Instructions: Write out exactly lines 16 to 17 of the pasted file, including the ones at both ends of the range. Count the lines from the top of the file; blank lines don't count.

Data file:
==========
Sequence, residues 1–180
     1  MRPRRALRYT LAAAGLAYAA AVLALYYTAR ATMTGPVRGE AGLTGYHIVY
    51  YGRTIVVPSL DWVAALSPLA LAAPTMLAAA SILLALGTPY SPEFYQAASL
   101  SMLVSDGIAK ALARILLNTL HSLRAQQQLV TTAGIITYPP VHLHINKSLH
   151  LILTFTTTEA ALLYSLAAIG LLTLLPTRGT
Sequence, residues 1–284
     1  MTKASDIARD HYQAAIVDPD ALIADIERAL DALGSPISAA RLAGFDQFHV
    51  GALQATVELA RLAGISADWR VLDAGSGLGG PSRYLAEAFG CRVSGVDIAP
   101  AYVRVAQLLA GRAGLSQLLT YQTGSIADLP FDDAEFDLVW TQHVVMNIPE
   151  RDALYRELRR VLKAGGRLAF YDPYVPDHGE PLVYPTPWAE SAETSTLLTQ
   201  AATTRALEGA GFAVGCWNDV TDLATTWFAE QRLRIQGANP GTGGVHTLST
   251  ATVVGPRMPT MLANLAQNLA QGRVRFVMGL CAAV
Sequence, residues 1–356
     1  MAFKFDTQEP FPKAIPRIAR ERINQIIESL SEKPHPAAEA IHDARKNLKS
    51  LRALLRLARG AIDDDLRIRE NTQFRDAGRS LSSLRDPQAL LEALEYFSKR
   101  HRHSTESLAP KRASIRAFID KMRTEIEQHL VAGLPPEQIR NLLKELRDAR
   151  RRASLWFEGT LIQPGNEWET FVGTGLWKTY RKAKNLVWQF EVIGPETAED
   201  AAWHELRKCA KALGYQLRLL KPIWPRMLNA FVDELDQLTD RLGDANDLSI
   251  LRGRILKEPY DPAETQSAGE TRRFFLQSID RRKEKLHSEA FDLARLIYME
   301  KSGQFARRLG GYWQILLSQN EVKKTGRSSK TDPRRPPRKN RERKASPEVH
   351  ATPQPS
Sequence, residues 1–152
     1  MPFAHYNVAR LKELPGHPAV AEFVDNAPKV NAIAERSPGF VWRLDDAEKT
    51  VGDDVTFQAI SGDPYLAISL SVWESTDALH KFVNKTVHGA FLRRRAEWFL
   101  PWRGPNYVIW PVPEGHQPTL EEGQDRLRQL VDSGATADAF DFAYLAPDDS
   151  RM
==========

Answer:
   101  HRHSTESLAP KRASIRAFID KMRTEIEQHL VAGLPPEQIR NLLKELRDAR
   151  RRASLWFEGT LIQPGNEWET FVGTGLWKTY RKAKNLVWQF EVIGPETAED